by: Sigurd Rinde
The buzz around Enterprise 2.0 / Office 2.0 is palpable, one conference after the other with $ 50 k stands offering yet-another-wiki-version trying to snag the enterprise CTO/CIO.
No wonder that start-up spends the 50k: Web 2.0 and social media relies on advertising for income, something that sounds enticing enough. But world-wide internet advertising (beside Google's 70%) is a mere 6-9 Bn $ annual market while the enterprise IT market is many, many times bigger. Banks alone will spend 390 Bn $ on IT this year. Temptation to redefine your target market is high and re-branding with a few added features ensues.
But the enterprise buyer is sceptical. And calls for "culture changes", or the more pragmatic "change management" does not make pigs fly.
Me? I side with the enterprise buyer, collaboration and social software as such is a good thing, for single task sandbox use. But an overall solution to the unstructured Barely Repeatable Processes in organisations they're not.
It's rather simple:
- Business is a value chain, a social value chain with a clear purpose.
- I am a part of a value chain and will have to do my part. For that I need ownership to what I'm supposed to do. Either I do it or somebody else does it.
- We all need accountability, if somebody else is dependent on what I'm supposed to do I better get down to it. And vice versa.
In social continuous processes, aka the value chains, ownership has to be clear and accountability towards the owner and all that is dependent on my work is a must. That's the reality meeting Web 2.0 when it redefines itself to Enterprise 2.0.
I'm a keen user of "discussion groups", and I do know my wikis. Occasionally a great idea or interesting theme grabs me and I join with enthusiasm hoping we can move it forward. Two days of constant refreshing of my browser most often leave me disappointed, perhaps one or two joins in and fizzling out is the end game. Nobody takes ownership, the idea resides and dies as a communal idea.
Collaboration software is slightly better, create a "ticket" or "task" and assign it - but anybody who has some experience knows that such tend to slip away to the bottom of the list (all soon classified as "critical").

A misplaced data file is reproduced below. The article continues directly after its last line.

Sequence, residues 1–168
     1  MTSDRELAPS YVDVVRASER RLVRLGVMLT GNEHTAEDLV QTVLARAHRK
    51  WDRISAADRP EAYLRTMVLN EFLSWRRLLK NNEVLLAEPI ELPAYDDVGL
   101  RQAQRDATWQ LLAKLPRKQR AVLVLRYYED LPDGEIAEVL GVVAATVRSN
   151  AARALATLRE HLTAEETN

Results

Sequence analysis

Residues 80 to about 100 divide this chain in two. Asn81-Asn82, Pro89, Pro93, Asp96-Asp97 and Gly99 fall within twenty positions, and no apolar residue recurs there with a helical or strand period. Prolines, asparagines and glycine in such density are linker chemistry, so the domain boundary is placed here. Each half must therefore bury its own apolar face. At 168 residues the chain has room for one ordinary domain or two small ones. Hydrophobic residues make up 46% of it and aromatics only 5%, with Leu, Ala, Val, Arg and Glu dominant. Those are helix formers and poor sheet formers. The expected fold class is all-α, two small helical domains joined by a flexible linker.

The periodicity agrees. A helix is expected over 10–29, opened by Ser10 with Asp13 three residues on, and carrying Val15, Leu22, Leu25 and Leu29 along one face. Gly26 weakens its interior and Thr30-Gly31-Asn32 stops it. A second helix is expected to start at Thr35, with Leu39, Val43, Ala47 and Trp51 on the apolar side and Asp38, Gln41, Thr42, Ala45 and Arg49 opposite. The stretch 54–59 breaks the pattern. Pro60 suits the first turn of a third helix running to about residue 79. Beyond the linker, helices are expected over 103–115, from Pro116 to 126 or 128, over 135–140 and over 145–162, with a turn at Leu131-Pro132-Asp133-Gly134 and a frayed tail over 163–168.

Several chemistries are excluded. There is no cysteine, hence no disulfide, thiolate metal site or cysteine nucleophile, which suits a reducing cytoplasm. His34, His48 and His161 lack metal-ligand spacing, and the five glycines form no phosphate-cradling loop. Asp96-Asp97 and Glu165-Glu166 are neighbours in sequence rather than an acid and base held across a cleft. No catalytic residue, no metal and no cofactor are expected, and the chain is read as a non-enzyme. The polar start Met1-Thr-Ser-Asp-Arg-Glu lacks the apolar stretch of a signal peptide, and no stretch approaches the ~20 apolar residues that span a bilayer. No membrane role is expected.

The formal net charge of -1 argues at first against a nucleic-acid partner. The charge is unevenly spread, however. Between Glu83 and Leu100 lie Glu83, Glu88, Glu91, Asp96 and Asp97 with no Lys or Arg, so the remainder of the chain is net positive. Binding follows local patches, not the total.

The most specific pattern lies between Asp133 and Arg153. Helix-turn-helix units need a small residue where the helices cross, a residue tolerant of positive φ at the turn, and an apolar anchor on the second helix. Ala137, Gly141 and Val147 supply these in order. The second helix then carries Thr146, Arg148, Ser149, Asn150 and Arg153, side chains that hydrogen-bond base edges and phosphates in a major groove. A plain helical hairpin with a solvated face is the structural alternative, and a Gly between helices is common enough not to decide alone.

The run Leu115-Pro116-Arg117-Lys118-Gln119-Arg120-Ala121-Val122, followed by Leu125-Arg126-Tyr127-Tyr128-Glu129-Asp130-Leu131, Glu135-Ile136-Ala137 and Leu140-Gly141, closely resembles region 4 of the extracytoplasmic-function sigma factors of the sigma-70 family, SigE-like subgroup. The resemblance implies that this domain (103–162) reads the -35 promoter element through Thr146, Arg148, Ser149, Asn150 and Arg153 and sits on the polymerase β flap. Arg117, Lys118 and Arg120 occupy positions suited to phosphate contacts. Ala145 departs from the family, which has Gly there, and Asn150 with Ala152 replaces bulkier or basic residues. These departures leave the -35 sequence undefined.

Again the phenomena of not being crucial in an accountable flow, but rather a "pick it up from the sandbox when it suits me" abets the human tendency to postpone and shift focus to something more interesting.
The oldest of all these solutions, the email, is more of the same. And we know it, why else use the cc field as much as we do? An attempt to involve more people than the recipient, make him/her accountable to more people than myself. Problem is that when cc'd, my position in the flow is not a given, I go "ah, now it's in good hands" and promptly forget about it. After all, I'm not the owner of the issue and the value chain is hard to discern.
An open sandbox does not deliver clear ownership nor real accountability - the two value chain requirements. In fact, there's not a whiff of "chain" therein.
Batch processing in a sandbox is useful for single tasks, but when used they must be part of the value chain, the whole workflow.
The only social value chain framework existing today; the organisational hierarchy, is in all senses counter to the philosophy of the open sandbox thus the current clash between old and new. Given that a new value chain framework is not delivered by the Enterprise 2.0 stuff, the enterprisey buyers will remain sceptical. And rightly so in my humble view.
But do not give up on the single task sandboxes, they're basically excellent. Focus instead on the search for a new value chain framework that befits them instead of trying to merge two mutually exclusive philosophies and incompatible methods.